The semantic portal refers to organized web sites that contain collections of semantically structured information. Ontologies are used for the structuring, accessing, sharing and presentation of the knowledge. The process of content provision in semantic portals is difficult, especially where content is continuously changing. This problem has been studied by many semantic portals, such as OntoWeb  and ODESeW . For instance, in OntoWeb, new added information can not be seen without restarting the server and in ODESeW, Web interface is difficult for the edition and the insertion of relationship values. In addition, search and navigation are commonly used access mechanisms in semantic portals. However, in most of the cases, navigation is not very effective; the same page content and the same hyperlinks are shown to all users, and hyperlinks to similar pages are often not presented.
To address these problems, we propose an ontology-based semantic portal, SEMPort. We have developed an easy to use Web interface for inserting, updating and removing instances and their attributes in real-time. In addition, ontology-based user models are utilized to support personalized views. To improve the browsing facilities of users, we provide semantic navigation and ontology-based search with semantic hyperlinks (explicit, implicit and recommendation links) to relevant pages. For the illustration of SEMPort, we use CMWP of ECS.
The backbone of the SEMPort architecture is a knowledge base (KB), where the domain model ontologies/instances are stored (Figure 1). The KB is connected to the Protege ontology editor , which allows the update of ontologies/instances. We have also developed a Web front-end, so that any number of ontology/instance files can be uploaded to the KB. SEMPort also supports content editing and provision through its Web interface. For inferencing, the Jena Rule-based reasoner and OWL reasoner are utilized and the Jena API  is used for handling user and domain models. At the front-end, SEMPort is a set of Java servlets, which query the KB over HTTP using SPARQL queries. In addition, SEMPort supports reusability; ontologies, instances and rules can be easily changed.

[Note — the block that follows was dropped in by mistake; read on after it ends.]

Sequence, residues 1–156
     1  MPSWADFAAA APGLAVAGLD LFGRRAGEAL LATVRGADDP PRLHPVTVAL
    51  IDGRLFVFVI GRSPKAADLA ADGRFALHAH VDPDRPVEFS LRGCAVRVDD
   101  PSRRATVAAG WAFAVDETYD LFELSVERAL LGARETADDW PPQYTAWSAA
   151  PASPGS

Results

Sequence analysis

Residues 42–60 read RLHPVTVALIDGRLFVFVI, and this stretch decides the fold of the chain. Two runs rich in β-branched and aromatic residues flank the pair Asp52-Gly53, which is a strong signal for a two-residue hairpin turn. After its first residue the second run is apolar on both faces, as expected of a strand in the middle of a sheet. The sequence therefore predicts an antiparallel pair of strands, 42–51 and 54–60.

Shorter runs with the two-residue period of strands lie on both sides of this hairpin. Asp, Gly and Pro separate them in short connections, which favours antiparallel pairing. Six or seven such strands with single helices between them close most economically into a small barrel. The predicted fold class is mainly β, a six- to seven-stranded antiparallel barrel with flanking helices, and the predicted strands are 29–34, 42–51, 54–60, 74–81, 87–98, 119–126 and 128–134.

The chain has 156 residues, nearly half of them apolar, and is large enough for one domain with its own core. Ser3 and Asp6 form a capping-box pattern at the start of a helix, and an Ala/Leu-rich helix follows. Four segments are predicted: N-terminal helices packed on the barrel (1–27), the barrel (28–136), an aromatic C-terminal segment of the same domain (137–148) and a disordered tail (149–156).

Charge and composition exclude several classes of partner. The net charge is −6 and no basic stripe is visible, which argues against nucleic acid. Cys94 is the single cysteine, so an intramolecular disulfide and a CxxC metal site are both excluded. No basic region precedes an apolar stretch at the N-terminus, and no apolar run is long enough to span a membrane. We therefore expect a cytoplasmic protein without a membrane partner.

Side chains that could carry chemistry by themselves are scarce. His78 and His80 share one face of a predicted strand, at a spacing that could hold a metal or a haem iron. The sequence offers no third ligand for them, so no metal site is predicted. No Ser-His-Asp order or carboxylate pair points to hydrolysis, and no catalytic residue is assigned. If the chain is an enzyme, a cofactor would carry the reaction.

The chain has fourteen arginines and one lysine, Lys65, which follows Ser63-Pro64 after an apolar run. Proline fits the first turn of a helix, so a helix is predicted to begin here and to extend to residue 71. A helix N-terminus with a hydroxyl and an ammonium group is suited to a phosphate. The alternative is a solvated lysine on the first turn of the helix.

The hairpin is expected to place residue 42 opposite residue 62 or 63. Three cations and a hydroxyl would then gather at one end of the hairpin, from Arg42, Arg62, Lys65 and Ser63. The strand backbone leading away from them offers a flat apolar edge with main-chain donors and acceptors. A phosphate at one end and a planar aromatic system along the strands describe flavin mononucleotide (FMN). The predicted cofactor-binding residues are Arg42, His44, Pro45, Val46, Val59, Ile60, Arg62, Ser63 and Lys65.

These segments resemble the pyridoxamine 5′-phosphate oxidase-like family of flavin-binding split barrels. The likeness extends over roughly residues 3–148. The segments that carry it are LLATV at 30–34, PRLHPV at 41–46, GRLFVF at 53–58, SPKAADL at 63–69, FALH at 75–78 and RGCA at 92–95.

The ECS CMWP consists of the list of modules, which are taught in the school. Each module has a list of topics that are covered by the module. To annotate CMWP, we used two existing ontologies; a part of the ECS ontology , which we call ECS_COURSE, and the ACM Computer Classification System (CSS) . We used ECS_COURSE to manually annotate CMWP in OWL Lite, using Protege. We also converted ACM CSS to RDF by Perl Scripts and used at the annotation of covered topics.
To adapt to the different browsing needs of ECS CMWP users, we used a user ontology, which we call USER. USER describes different relationships between the user model and domain model concepts; hasInterest, memberOf and hasDegree are some relationships that are used. For example, we use the hasInterest relationship to indicate the users interest on ACM CSS topics.
In SEMPort, personalization starts when the user log on to the portal with their ECS IDs and passwords. In the introduction, we ask a few questions to ascertain the users background and interests. Alternatively, users can extend their profiles with semantic bookmarks, e.g. users can indicate their interest in ACM CSS topics and can associate different weights (low, medium, high). Then, the user profiles are converted to RDF using the USER ontology. Profiles are handled as temporary user models at run-time and also stored to the clients computer as an RDF file.